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Teaching About The Planet’s Powerful Weather Forces

Weather has caught the imagination of the nation in recent months, with the stunning and frightening power of weather events causing severe damage; just in December, California’s wildfires caused $18bn in damages. With the awesome power of nature brought so sharply into focus, it is the responsibility of home schooling parents to impart upon their children how, and why, weather does what it does.

Weather is a symptom of the local and global climate and affected by every minor shift. Prioritizing clean green energy helps to keep extreme weather in check, and making sure your children know exactly how weather operates and how they can adapt is a great way to help your family and the planet.

Teaching about weather

Weather and the study of it, meteorology, is a wonderfully complex science. As a result, even the greatest climatologists and meteorologists cannot always predict weather, as the New York Times have explained. The benefit of this is that there is bountiful learning material available on paper and on the internet to help facilitate learning about weather. A great starting point is to use real-world examples to explain concepts. Use examples fresh in the mind, like Hurricane Maria, to show your students exactly how weather cells work, and use internet infographics paired up with satellite images to provide a great, intuitive learning experience. Longer term, a great way to teach your kids about weather and cycles is to collect some data yourself. Collecting the data doesn’t have to be expensive, and Weather Station Advisor (https://www.weatherstationadvisor.com/) have suggested that a basic setup isn’t necessarily expensive. This will also give them a valuable insight into how weather forecasts are made. Use your data to show how cycles work, and over the course of a year you can create a weather model with your kids.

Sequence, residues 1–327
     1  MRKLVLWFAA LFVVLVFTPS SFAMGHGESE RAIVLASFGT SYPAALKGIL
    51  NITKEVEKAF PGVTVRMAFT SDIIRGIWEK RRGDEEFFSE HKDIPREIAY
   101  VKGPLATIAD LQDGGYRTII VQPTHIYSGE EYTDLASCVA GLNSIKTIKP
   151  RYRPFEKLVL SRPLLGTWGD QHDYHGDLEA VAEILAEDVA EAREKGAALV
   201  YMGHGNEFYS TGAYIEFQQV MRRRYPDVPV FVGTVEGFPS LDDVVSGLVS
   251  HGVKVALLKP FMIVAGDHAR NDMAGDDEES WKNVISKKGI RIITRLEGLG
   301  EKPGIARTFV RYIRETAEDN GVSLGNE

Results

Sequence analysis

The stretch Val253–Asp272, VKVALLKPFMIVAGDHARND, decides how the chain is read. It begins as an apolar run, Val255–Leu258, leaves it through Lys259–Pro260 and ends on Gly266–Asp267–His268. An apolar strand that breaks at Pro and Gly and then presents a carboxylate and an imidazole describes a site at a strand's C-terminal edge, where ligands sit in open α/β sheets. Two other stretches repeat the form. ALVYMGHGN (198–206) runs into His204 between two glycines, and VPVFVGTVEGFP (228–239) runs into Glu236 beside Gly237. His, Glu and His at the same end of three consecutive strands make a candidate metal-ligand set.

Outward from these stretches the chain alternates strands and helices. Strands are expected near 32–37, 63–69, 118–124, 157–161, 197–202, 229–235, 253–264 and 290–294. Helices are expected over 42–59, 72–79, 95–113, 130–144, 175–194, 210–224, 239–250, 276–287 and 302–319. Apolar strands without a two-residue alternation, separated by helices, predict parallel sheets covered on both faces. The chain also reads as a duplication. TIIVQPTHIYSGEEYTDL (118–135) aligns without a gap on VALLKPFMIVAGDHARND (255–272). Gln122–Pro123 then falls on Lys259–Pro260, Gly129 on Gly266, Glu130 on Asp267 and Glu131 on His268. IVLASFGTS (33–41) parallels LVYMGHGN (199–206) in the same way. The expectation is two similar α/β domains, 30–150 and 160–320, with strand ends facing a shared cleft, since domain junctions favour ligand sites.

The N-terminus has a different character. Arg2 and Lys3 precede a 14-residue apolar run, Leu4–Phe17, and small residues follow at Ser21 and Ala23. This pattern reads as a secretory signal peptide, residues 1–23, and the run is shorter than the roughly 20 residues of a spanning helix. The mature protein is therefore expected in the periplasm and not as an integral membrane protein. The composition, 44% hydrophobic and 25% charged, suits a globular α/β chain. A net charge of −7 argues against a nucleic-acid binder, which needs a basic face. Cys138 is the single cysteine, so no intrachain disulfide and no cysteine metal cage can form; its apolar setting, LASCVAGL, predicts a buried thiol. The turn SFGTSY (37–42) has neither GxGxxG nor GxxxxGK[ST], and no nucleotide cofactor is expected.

Bringing in climate change

Weather is intrinsically linked to climate change, according to the World Resources Institute amongst other bodies. Extreme weather events have increased in frequency and severity in frequent years, and outside of the US huge floods have struck India and Bangladesh, and drought has lingered in Eastern Africa and Australia. Weather events are noticeable and stick in the memory and serve as a great learning aid when explaining climate change and it’s terrible effects.

Consider teaching your home schoolers by using breaking news and analysis to link together current events with weather systems. Information on how weather systems and cells are disrupted is readily available online, as can the links to the greenhouse effect and climate change. This will help to reinforce the importance of saving the planet’s resources and living in a sustainable way.

Weather is an annoyance on some days. For many others, it can be a terrifying force that changes lives. The opportunity for parents is to educate their kids on how it affects them, and how their actions can improve climate change and ultimately mitigate future weather events.

Photo by Jordan Whitt 

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